Lot 110

A Passion for Elegance

1954 Rolls-Royce Phantom IV Limousine 'Princess Margaret' by H.J. Mulliner *


CHF2,255,000 | Sold

Liechtenstein | Eschen, Liechtenstein



Chassis No.
Engine No.
Body No.
Registration No.
Swiss Carte Grise
  • One of only 18 Phantom IVs produced, for world leaders and heads of state
  • Built for HRH The Princess Margaret
  • Beautifully detailed coachwork with numerous bespoke touches
  • Largely original condition with only sympathetic restoration work
  • Fascinating history file, including photographs, correspondence, and articles
  • Accompanied by Touring Spares case and tools
  • The most difficult Rolls-Royce model to acquire, then and now
Addendum: Please note the historical United Kingdom registration number is for display purposes only, and is not the current registration. A copy of the current Swiss Carte Grise is available for viewing within the History File.


The Phantom IV was the only Rolls-Royce automobile to be equipped with an inline eight-cylinder engine, a refined version of the B80/81 military and commercial powerplant. It was mounted in a chassis derived from that of the Silver Wraith, but enlarged to an appropriately regal 3,683-milimeter wheelbase and significantly strengthened to carry even the most lavish formal coachwork.

Most clientele of Rolls-Royce were not familiar with the Phantom IV’s specifications, as they could not buy one. There is no evidence that a policy was specifically in place that only royalty and heads of state would be awarded the company’s first postwar Phantom, but it seems to become the de facto position, with the cars essentially awarded specifically for government or state use. Just 18 cars were produced between 1950 and 1958, a rate that averages to fewer than three per year, for a mere 11 individual customers. Five were supplied to high-ranking members of the British Royal Family, three to the Government of Spain, three to the Hakim of Kuwait, and two each to the Royal Family of Iraq and the Shah of Iran.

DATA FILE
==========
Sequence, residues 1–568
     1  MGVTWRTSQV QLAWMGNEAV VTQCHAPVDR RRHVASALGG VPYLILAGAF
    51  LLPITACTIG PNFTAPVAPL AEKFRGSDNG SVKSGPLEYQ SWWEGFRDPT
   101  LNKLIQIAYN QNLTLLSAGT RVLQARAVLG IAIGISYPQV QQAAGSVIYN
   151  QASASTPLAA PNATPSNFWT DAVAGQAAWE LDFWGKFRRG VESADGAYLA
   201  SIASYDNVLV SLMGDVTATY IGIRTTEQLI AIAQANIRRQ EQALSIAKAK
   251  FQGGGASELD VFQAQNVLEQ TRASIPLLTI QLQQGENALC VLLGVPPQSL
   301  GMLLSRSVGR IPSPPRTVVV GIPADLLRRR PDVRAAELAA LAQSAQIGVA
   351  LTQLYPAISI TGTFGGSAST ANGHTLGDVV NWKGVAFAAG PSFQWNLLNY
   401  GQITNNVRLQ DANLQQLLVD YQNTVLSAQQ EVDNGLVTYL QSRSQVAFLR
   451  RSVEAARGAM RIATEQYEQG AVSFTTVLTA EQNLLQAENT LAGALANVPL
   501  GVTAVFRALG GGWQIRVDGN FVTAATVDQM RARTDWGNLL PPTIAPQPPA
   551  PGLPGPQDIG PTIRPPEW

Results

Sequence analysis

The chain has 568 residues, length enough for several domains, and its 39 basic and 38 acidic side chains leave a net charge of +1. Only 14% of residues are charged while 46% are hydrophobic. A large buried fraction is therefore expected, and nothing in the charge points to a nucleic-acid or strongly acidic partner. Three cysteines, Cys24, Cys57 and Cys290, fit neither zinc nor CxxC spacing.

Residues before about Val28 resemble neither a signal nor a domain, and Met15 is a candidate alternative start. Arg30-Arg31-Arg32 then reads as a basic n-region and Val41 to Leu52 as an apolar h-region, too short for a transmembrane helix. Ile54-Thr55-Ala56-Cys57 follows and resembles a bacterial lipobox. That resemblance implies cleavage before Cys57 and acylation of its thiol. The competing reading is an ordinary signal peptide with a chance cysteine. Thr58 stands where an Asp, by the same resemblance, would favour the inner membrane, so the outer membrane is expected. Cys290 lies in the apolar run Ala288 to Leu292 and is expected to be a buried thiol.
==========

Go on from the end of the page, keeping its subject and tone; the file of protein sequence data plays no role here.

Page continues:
This clientele seemed to recognize the elite significance of that with which they had been bestowed. Of the 16 surviving cars, five remain in service with their original owners or successors; four others are maintained in government collections; and two are exhibited in permanent museums. In other words, the pool of potentially available Phantom IVs is quite small. Accordingly, the model has become the ever-more-elusive, prized pursuit of Rolls-Royce collectors, with the competition to acquire one of the few available cars fierce whenever one comes to market. Acquisition awards instant bragging rights as well as, provided one has made the acquisition of the other five numbered generations, the rare opportunity to claim one has a complete assemblage of Phantoms.


Chassis number 4BP7 was the 15th Phantom IV produced; its right-hand drive chassis was delivered to Lillie Hall for testing on 14 February 1954. Subsequently it was brought to H.J. Mulliner for the fitment of coachwork to their design number 7368, with Mulliner noting the customer as “Baron Montaigne.” Why, exactly, that particular nom de guerre was chosen is not known—perhaps it was for security reasons. Rolls-Royce’s own records list the original owner by her true name: Her Royal Highness Princess Margaret, the only sibling of Her Majesty Queen Elizabeth II.

Princess Margaret’s Phantom IV was finished entirely in black, with power-operated windows and division, a glass roof panel with an electrically operated fabric blind, window shades, blue police light and mounts for the Royal heraldry and flagstaff above the windshield header. It was an automobile built for official use by the Princess in carrying out her duties, and it looked the part. However, chassis number 4BP7 was also built for a woman who had always been, and always would be, a very modern woman in her role. Always a lover of powerful cars, she had decided that she would prefer to occasionally drive the Phantom IV herself. Thus, it was fitted with automatic transmission and with a special driver’s seat finished in soft cloth, rather than the usual leather, with the ability to adjust the seat for both height and reach.